Nonprofit Gets Grant to Study Marijuana’s Use for Treating PTSD

The Multidisciplinary Association for Psychedelic Studies (MAPS) has been awarded close to $13 million in a grant from the state of Michigan. This funding will go to studying marijuana’s use as a treatment for PTSD among veterans. As a result, this clinical trial will be the second in which the safety and effectiveness of cannabis is tested against a controlled substance.

“Michiganders are granting non-profit researchers the opportunity to establish whether marijuana is helpful for Veterans with PTSD,” said Rick Doblin, Ph. D, Founder and Executive Director of MAPS. “If so, we will seek to return that generosity by developing a public-benefit cannabis pharmaceutical product that would be eligible for insurance coverage, just like any other pharmaceutical drug.”

The grant comes from Michigan’s Veteran Marijuana Research Grant Program, which is funded by adult-use marijuana retail taxes. The clinical trial MAPS will be conducting will also focus on preventing veteran suicide. This is crucial since post-traumatic stress can cause depression, substance abuse disorders, and suicidal thoughts.

“Suicide among veterans is an urgent public health crisis, but it’s solvable if we invest in researching new treatments for pain, depression, and PTSD,” said Sue Sisley, M.D., the president of Scottsdale Research Institute and a renowned cannabis specialist. “Veterans are demanding objective cannabis drug development research, and the state of Michigan is fulfilling our collective obligation to our beloved Veteran community.”

Previous Research into the Use of Marijuana for PTSD

There have been other studies that examined the long-term benefits of cannabis in patients who have PTSD. For example, in December of 2020, Colorado Department of Public Health and Environment funded a similar study. Researchers at a several academic institutions, including The University of Pennsylvania, The University of California San Diego, Johns Hopkins School of Medicine and The University of Colorado conducted the study.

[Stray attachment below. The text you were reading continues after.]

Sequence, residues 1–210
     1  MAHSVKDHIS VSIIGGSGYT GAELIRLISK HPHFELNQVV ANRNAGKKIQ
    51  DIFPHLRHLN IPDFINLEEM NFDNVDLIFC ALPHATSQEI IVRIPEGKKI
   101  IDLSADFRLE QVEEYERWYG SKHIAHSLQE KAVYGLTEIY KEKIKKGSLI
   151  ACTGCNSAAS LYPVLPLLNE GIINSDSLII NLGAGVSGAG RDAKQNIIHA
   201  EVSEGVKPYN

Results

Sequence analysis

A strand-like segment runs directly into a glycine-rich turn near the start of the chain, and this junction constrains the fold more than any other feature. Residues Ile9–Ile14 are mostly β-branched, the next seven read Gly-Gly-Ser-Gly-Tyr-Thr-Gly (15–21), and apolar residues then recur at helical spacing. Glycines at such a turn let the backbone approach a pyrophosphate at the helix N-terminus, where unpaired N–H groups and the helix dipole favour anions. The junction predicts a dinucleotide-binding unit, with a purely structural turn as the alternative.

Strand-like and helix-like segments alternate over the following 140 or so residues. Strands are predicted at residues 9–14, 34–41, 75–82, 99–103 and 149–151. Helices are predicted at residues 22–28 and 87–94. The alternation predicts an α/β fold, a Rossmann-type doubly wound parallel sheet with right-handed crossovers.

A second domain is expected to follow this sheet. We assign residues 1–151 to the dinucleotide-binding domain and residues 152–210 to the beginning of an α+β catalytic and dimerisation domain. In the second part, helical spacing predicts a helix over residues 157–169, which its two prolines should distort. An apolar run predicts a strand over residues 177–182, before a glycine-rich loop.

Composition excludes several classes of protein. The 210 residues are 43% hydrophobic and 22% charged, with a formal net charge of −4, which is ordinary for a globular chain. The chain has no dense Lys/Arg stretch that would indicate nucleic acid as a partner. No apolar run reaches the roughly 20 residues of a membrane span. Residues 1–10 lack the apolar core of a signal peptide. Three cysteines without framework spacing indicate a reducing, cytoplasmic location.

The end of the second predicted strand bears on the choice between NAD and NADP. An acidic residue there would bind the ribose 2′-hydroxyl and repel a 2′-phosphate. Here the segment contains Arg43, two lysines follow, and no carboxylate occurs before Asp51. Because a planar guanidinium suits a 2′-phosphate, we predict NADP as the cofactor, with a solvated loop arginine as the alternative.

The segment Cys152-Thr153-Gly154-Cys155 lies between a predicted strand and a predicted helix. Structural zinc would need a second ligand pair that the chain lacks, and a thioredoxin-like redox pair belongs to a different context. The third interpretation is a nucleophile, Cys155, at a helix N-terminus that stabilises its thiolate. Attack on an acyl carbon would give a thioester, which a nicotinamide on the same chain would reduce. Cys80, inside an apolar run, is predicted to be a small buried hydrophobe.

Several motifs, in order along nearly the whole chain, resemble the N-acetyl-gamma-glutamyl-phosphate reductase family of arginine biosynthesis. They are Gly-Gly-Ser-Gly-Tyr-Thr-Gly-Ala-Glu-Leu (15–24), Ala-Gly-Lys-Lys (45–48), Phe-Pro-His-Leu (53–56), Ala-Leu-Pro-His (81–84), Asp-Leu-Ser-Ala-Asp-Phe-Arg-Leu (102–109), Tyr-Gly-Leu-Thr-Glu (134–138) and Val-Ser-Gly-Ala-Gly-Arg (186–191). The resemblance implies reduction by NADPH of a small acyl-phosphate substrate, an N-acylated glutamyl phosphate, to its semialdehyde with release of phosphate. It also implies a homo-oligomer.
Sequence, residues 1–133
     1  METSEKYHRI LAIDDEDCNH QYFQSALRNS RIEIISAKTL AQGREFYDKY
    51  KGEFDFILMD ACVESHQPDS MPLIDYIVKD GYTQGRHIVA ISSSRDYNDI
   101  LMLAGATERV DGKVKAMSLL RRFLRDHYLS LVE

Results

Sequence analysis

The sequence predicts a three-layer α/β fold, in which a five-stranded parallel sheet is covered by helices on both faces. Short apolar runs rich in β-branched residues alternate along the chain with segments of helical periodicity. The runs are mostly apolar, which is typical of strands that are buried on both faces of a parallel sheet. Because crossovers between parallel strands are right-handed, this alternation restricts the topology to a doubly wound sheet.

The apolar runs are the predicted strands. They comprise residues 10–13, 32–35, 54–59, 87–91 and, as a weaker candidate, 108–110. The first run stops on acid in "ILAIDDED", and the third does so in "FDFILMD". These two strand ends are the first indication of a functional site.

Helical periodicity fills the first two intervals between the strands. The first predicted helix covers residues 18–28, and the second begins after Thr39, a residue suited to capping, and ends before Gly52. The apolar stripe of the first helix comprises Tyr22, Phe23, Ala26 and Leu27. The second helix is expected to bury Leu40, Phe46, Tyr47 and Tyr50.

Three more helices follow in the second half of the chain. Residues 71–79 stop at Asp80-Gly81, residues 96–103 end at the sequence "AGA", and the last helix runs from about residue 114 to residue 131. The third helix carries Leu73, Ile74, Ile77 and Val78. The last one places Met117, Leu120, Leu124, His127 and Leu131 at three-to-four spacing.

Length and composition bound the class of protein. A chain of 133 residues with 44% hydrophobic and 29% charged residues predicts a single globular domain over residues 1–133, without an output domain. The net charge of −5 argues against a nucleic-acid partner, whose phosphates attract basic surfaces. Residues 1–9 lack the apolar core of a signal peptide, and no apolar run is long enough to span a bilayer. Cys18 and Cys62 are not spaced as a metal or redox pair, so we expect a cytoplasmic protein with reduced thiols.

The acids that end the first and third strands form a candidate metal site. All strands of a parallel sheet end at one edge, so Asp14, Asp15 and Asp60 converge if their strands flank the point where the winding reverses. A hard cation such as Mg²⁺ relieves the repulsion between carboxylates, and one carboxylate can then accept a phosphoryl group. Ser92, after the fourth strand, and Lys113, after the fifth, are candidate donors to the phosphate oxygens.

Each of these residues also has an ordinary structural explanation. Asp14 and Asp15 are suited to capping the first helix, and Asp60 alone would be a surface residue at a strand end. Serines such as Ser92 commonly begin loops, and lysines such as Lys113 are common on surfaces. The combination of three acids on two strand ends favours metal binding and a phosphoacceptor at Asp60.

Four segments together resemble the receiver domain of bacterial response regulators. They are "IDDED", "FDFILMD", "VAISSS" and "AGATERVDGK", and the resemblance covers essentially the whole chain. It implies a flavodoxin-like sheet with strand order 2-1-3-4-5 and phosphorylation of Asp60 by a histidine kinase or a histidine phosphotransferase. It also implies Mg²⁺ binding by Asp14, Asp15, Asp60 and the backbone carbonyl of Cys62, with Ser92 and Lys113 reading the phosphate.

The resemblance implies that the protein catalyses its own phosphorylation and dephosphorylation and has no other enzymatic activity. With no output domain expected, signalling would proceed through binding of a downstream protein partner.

Researchers assessed PTSD symptoms and functioning every three months over the course of a year. The study focused on two samples of participants — one that used legal medical cannabis and one that did not. Overall, this study showed that this type of cannabis does help treat post-traumatic stress disorder.

A total of 150 participants were present in this study, 75 for each group. After a year, the cannabis users reported a greater decrease in PTSD symptoms over time compared to controls. In conclusion, participants who used cannabis were 2.57 times more likely to no longer meet the Diagnostic and Statistical Manual of Mental Disorders (DSM-5) criteria for PTSD than participants who did not use cannabis.

GrantNews Notes

GrantWatch has entire category dedicated to veterans grants. These grants can provide funding for a litany of critical initiatives related to improving the lives of veterans. This can include things like housing, medical treatment, mental health, and more. Here are three grants that are currently available in this category.

  • Grants starting at $25,000 to Illinois nonprofit organizations and government agencies to provide services that address the needs of veterans. Grants are to help address PTSD research or treatment, homelessness, health insurance costs, long-term care, disability benefits, and job placement.
  • There are grants for U.S. nonprofit organizations to improve the lives of injured military veterans and their families. Funding is for therapeutic activities, career training, rehabilitation programs, shelters for the homeless, and the supply of mobility items.
  • Additionally, funding of $1,000 is available for U.S. qualifying military veterans and military spouses to cover unexpected expenses. Funding is for veterans and their spouses to complete postsecondary education programs and succeed in a competitive job market. 

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